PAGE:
What is Psychosis?
Psychosis is a serious mental disorder characterized by thinking and emotions that are so impaired, that they indicate that the person experiencing them has lost contact with reality.
People who are psychotic have false thoughts (delusions) and/or see or hear things that are not there (hallucinations). These are referred to as “positive” symptoms; “negative” symptoms like loss of motivation and social withdrawal can also occur.
These experiences can be frightening and may cause people who are suffering from psychosis to hurt themselves or others. It is important to see a doctor right away if you or someone you know is experiencing symptoms of psychosis.
Psychosis affects three out of every 100 people. It is most likely to be diagnosed in young adults, but psychosis can happen to anyone.
Symptoms of Psychosis
Symptoms of a psychotic episode can include incoherent speech and disorganized behavior, such as unpredictable anger, but psychosis typically involves one of two major experiences:
Hallucinations are seeing, hearing or physically feeling things that aren’t actually there. For example:
- Voices telling you to commit acts of violence or self-harm.
- Feeling like something is crawling under your skin.
- Seeing someone take the shape of something he is not, such as a demon.
Delusions are strong beliefs that are unlikely to be true and may seem irrational to others. For example:
- Believing external forces are controlling your thoughts, feelings and behavior.
- Believing that trivial remarks, events or objects have personal meaning or significance.
- Thinking you have special powers, are on a special mission or even that you are God.
What causes psychosis?
Psychosis isn’t a condition in itself, it’s triggered by other conditions.
It’s sometimes possible to identify the cause of psychosis as a specific mental health condition, such as:
- schizophrenia – a condition that causes a range of psychological symptoms, including hallucinations and delusions
- bipolar disorder – a mental health condition that affects mood, a person with bipolar disorder can have episodes of depression (lows) and mania (highs)
- severe depression – some people with depression also have symptoms of psychosis when they’re very depressed
Psychosis can also be triggered by traumatic experiences, stress or physical conditions, such as Parkinson’s disease, a brain tumour, or as a result of drug misuse or alcohol misuse.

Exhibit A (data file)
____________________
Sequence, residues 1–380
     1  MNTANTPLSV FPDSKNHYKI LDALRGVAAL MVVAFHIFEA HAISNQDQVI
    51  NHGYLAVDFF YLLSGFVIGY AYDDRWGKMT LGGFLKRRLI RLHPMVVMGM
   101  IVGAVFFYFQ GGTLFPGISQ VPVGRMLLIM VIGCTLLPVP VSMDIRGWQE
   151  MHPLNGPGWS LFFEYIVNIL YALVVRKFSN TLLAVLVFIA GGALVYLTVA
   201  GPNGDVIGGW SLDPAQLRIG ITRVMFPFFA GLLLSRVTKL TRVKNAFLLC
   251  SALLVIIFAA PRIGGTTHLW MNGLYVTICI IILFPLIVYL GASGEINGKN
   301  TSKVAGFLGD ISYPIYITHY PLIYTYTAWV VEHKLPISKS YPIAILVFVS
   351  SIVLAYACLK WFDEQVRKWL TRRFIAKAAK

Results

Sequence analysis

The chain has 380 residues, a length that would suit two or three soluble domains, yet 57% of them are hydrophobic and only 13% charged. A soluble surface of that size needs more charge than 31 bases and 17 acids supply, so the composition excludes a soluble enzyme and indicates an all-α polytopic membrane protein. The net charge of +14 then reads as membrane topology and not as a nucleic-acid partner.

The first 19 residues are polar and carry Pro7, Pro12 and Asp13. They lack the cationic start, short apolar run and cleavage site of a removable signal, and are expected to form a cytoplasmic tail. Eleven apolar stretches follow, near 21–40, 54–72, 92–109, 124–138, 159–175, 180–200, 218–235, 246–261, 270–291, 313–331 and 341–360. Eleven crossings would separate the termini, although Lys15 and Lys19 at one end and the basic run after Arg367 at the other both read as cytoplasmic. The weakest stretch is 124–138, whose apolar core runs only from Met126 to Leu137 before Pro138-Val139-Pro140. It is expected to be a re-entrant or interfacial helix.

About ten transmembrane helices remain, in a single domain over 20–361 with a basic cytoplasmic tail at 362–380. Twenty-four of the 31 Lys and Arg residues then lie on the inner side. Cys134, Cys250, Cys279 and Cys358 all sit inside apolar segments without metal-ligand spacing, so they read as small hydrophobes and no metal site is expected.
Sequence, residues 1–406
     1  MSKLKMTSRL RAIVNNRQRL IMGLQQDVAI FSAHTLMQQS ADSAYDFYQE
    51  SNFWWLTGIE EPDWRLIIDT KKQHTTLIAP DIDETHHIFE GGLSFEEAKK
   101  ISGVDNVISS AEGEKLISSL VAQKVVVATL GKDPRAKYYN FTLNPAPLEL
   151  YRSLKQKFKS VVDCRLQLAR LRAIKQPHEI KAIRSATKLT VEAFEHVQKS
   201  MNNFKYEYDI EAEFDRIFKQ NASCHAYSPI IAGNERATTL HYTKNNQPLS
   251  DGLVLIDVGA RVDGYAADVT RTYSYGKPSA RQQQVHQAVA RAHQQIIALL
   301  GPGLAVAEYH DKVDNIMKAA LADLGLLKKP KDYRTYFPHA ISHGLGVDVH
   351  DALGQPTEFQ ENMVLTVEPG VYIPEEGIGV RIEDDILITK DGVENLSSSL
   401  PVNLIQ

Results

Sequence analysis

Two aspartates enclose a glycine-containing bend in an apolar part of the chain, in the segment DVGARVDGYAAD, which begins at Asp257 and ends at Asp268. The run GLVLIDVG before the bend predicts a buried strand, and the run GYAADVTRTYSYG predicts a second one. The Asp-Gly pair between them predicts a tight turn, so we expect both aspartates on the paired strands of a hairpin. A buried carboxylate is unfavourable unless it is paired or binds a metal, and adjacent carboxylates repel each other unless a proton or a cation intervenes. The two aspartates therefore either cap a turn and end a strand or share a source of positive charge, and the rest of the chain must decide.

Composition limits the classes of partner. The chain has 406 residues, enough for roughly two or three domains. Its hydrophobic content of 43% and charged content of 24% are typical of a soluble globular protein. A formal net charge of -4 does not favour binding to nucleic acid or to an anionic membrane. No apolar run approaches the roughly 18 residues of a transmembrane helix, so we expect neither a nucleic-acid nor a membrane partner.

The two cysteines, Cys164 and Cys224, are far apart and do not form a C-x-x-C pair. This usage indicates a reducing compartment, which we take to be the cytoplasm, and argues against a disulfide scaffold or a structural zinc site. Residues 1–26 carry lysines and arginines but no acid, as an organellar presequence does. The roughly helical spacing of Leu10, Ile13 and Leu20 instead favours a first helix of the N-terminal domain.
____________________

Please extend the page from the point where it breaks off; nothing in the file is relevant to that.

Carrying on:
How often a psychotic episode occurs and how long it lasts can depend on the underlying cause.
For example, schizophrenia can be long-term, but most people can make a good recovery, and about a quarter only have a single psychotic episode. Episodes related to bipolar disorder usually resolve, but may reoccur.
How many people develop psychosis?
About three in a hundred people will experience psychosis at some time in their lives. Most of these will be first affected in their late teens and early twenties.
How is Psychosis diagnosed?
Psychosis isn’t given as a diagnosis on its own. If you experience psychosis, you may be given one of the following diagnoses:
- bipolar disorder (manic depression)
- schizoaffective disorder
- paranoid disorder, delusional disorder or paranoid personality disorder
- puerperal psychosis (a severe form of postnatal depression)
- severe depression.
The diagnosis you are given will depend on how severe your psychosis is, how often you experience it, and whether you experience it on its own or with other symptoms. As psychosis can be a symptom of several different diagnoses, you may find that you are given different diagnoses at different times.
Before you are given a diagnosis, your doctor should rule out any physical causes for your psychosis. If the cause is physical – for example, if you are experiencing psychosis as the result of a physical illness – treatments such as psychiatric drugs or talking treatments are unlikely to help.
If you use street drugs or regularly drink large amounts of alcohol, doctors will usually ask you to stop doing this before they give you a diagnosis.
Treatment of Psychosis
Treating psychosis may involve a combination of medications and therapy. Most people recover from psychosis with treatment.
Sometimes people suffering from psychosis can become agitated and be at risk of hurting themselves or others. In those cases, it may be necessary to calm them down quickly. This method is called rapid tranquilization. A doctor or emergency response personnel will administer a fast-acting shot or liquid medicine to relax the patient right away.
Drugs and medication
Symptoms of psychosis can be controlled with medications called antipsychotics. These medicines reduce hallucinations and delusions and help people think more clearly. The type of medicine you are prescribed will depend on which symptoms you are experiencing. In many cases, people only need to take antipsychotics for a short time to get their symptoms under control. People with schizophrenia may have to stay on medications for life.
Cognitive Behavioral Therapy
Cognitive behavioral therapy means meeting regularly to talk with a mental health counselor with the goal of changing thinking and behaviors. This approach has been shown to be effective in helping patients make permanent changes and more effectively manage their illness.